Lynn Freeman asks Jonny how do you totally improvise a TV sitcom, what limits do you set yourself and your collaborators?  And why did they choose a school setting for the series?.

The second series of Educators is currently playing on TVNZ On Demand.

3:06 Drama at 3 - Think of a Garden by John Kneubuhl Part One

Not many New Zealanders know of their country's role as the administrative power in Western Samoa for much of the early part of this century - or the fact that the authoritarian nature of the administration spawned a strong self-government movement among Samoans known as the Mau.

Although it was a pacifist group, the Mau unsettled the New Zealand administrators in Apia. They banished some of its active members to other parts of the South Pacific, and one of Samoa's 4 paramount chiefs, Tupua Tamasese Lealofi the third was sentenced to 6 months in Auckland's Mt Eden jail.

The incident that followed his return to Apia…just after Christmas in 1929….is one of the sadder chapters in New Zealand's history in Samoa…and it's at the centre of the play that we're featuring this week and next.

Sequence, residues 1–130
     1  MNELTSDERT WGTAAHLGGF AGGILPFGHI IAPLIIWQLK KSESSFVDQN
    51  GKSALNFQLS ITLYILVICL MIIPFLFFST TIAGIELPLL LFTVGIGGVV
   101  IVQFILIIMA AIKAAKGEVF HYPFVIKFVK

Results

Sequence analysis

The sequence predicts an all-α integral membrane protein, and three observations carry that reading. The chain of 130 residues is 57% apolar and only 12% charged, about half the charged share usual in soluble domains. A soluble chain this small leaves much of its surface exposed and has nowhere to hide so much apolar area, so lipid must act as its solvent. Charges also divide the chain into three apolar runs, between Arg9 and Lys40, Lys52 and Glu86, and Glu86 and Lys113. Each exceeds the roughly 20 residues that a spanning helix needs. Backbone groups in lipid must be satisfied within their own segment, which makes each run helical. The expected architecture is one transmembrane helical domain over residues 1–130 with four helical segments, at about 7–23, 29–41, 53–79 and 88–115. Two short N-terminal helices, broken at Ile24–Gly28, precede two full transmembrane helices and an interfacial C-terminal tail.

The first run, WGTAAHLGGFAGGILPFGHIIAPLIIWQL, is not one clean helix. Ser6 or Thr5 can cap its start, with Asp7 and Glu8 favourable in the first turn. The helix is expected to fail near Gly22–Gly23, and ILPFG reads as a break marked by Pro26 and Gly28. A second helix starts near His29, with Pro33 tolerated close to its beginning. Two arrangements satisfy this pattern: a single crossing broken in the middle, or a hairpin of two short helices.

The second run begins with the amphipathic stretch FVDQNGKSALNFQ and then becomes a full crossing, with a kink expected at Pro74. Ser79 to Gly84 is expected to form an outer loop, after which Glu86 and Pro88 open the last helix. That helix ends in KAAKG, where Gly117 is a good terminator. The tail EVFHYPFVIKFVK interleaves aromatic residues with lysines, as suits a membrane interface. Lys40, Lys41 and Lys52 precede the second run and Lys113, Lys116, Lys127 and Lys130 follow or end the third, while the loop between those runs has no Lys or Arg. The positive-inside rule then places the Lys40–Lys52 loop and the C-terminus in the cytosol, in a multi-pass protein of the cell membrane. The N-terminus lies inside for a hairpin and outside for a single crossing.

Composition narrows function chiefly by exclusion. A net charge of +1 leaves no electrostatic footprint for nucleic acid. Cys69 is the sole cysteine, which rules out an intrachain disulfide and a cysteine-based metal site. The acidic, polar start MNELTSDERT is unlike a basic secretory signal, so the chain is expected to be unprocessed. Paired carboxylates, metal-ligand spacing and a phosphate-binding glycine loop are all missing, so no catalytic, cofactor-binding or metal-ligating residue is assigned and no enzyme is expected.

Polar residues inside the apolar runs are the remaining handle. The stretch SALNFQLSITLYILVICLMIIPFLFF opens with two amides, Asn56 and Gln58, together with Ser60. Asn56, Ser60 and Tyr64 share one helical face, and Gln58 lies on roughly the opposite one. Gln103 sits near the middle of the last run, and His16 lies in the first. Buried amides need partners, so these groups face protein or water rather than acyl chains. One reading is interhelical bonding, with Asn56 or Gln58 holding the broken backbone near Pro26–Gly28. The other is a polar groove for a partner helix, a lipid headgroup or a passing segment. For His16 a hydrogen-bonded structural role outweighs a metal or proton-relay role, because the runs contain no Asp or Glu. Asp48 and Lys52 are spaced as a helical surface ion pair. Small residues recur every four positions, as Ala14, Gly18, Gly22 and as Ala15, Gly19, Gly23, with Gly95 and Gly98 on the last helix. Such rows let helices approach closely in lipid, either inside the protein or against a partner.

Today's Classic Drama is Part One of Think of a Garden by John Kneubuhl.

Music played in this show

Artist: Sue Thompson
Song: Sad movies
Composer: Loudermilk
Album: History of Rock Volume 10
Label: Collectables
Played at: 12.16

Artist: The Olympics
Song: Western movies
Composer:  Goldsmith-Smith
Album: All Time Greatest Hits
Label: DCC
Played at: 12.31

Artist: The Drifters
Song: Saturday night at the movies
Composer: Mann-Weil
Album: The Very Best of
Label: Rhino
Played at: 1,07

Artist: Suzanne Vega
Song: If you were in my movie
Composer: Vega
Album: 99.9F
Label: A&M
Played at: 1.44

Artist: Brian Wilson/Van Dyke Parks
Song: Movies is magic
Composer: Parks
Album: Orange Crate Art
Label: Warner
Played at: 1.58

Artist: Ryan Gosling
Song: City of Stars
Composer: Hurwitz-Pasek
Album: La La Land
Label: Interscope
Played at: 2.04

Artist: Everly Brothers
Song: Wake up little Suzie
Composer: Bryant-Bryant
Album: Cadence Classics
Label: EMI
Played at: 2.35

Artist: 10cc
Song: The film of my love
Composer: Godley-Creme
Album:  The Original Soundtrack
Label:  Mercury
Played at: 2.58

Artist: Harpo
Song: Movie star
Composer: Harpo
Album: One Hit Wonders: The Seventies
Label: EMI
Played at: 3.04

Artist: The Kinks
Song: Celluloid Heroes
Composer:  Davies
Album: Everybody's in showbiz everybody's a star
Label: Castle
Played at: 3.56